CHAPTER SIX HUNDRED and FIFTY-THREE
Wednesday morning — 12:05 a.m.
Jeraine took a breath and thought of Tanesha. She had just started her third year of medical school. He grinned. He was so proud of her accomplishments.
He looked down at Jabari.
“I’m okay, Daddy,” Jabari said. “You?”
“I’m good,” Jeraine said. “I was thinking of Mommy.”
Jabari gave his father a bright smile, and Jeraine grinned back at this boy. He held out his hand, and Jabari took it.
“You know what to do?” Jeraine asked.
They were sitting inside a limousine outside the “Celebration of Life” for Jabari’s birth mother, Annette. The event was put on by the reality television show that had been such a big part of Annette’s life.
“I’m wearing my mask,” Jabari said. He reached up to touch the face mask covering Jeraine’s face. “I’m going to. . . What am I going to do?”
“Be yourself,” Jeraine said. “Stay with me. No matter what anyone says, you are coming home with me.”
Jabari leaned into his father. The last time Jabari had been in Annette’s house, he’d returned home with deep bruises and welts not to mention a case of Covid-19 which left him in the hospital for a week. Jeraine and Jabari leaned in to each other for comfort and support. They were dressed in matching designer suits.
“Glasses?” Jeraine asked.
Jabari placed the prescription glasses over his eyes.
“You too, Daddy,” Jabari said. “No headaches.”
“No headaches,” Jeraine said putting his glasses on.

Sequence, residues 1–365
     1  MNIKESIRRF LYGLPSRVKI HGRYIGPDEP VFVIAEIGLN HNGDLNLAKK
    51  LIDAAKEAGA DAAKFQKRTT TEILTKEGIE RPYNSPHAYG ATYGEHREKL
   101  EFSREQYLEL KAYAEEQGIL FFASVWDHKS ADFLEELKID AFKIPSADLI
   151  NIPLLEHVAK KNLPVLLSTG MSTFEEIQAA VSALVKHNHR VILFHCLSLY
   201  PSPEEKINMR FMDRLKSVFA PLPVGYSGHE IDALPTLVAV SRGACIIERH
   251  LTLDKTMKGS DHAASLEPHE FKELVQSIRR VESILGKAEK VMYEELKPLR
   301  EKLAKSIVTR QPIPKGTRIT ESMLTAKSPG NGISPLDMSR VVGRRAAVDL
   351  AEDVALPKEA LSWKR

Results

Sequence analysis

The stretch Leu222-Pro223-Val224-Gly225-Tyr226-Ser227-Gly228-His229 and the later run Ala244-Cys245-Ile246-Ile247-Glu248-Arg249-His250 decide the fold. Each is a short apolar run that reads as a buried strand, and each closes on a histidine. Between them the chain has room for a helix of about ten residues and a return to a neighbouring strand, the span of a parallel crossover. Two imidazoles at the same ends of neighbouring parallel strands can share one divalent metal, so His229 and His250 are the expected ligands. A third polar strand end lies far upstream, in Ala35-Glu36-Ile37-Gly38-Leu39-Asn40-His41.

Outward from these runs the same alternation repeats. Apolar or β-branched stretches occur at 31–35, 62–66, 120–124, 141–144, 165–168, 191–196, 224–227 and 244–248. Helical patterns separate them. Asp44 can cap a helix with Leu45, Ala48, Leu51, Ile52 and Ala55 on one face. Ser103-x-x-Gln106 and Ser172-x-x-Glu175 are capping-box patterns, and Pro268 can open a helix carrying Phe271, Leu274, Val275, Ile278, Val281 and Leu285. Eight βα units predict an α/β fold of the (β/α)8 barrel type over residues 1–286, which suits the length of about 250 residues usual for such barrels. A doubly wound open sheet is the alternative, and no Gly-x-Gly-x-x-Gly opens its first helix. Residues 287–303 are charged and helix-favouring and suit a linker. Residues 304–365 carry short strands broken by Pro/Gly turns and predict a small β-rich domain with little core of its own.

They startled when their door opened. Jabari jumped onto Jeraine’s lap and hid his face. Jeraine looked out into the bright world. His agent and friend James “Jammy” Schmidt V leaned into the limousine.
“Hey little man,” Jammy said.
Jammy held his arms out. Jabari threw himself into Jammy’s arms. Jammy stood up with Jabari in his arms. Jeraine slid out of the limousine seat. Jammy leaned over to speak to the driver.
Looking around, Jeraine straightened his suit and stood up. There were cameras everywhere. Jeraine counted five handheld television cameras as well as two stationary cameras.
Jeraine heard a white man yell his name. He had enough experience with people calling his name that he didn’t turn. He felt an arm over his shoulder and looked to see who would dare to touch him.
The casino owner was standing next to him. The man leaned in.
“We’re your buffer,” the casino owner said in his ear. “My wife’s here. Leslie, too. We’ll run interference.”
Jeraine smiled and hoped that he remembered the man’s name before the day was out.
“What’s our agreement with the television show?” the casino owner asked.
“They can video Jeraine from a distance,” Jammy said.
“Not the boy?” the casino owner asked.
“They weren’t willing to pay for his face or anything he said,” Jammy said.
“How much did you ask for?” the casino owner asked.
“Three million,” Jammy said.
The casino owner laughed.
“Keep an eye on Jabari,” Jeraine said.
“They’ve lost all custody, but we’ve heard that they are going to try to take him,” Jammy said.
“Jabari is coming home with me,” Jeraine said. In a low voice, he added, “He’s terrified of being stuck here.”
“Got it,” the casino owner said.
A beautiful white woman came and tucked herself into the casino owner. She smiled at Jeraine and held out her hand.
“Helen,” she said. “I’m delighted to meet you, Jeraine. Your shows have been real life savers for us. We dance and laugh and. . .”
Denver Cereal continues tomorrow...
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